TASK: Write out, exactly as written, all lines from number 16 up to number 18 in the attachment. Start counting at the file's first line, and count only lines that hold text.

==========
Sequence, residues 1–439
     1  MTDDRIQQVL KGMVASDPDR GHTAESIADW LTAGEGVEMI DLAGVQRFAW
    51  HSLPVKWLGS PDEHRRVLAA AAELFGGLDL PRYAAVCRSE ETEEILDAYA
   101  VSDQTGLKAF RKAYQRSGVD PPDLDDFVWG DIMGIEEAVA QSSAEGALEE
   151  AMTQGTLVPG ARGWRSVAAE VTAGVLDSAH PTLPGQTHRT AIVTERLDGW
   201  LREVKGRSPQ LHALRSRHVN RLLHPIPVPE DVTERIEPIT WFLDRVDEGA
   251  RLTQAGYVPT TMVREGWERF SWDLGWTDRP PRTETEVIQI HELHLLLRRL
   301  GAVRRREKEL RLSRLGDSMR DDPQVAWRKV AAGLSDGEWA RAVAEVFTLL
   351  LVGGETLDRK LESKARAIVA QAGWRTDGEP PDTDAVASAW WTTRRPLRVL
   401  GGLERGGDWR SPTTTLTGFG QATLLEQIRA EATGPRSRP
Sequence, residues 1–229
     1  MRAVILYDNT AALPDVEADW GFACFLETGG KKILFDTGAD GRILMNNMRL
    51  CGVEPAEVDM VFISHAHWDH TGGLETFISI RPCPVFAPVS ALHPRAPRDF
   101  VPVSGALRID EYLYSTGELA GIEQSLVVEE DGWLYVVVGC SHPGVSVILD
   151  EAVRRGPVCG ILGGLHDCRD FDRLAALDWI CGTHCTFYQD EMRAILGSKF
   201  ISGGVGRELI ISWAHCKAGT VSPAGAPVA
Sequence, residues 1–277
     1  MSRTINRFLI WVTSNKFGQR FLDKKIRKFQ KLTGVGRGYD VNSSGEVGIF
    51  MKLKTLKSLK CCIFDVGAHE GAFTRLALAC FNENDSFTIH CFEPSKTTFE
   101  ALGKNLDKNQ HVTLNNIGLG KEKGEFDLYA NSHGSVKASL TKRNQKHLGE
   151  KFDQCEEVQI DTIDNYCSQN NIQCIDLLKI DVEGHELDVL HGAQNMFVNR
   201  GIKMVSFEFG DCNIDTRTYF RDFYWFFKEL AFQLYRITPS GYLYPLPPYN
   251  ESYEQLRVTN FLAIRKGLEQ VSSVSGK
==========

   201  ISGGVGRELI ISWAHCKAGT VSPAGAPVA
Sequence, residues 1–277
     1  MSRTINRFLI WVTSNKFGQR FLDKKIRKFQ KLTGVGRGYD VNSSGEVGIF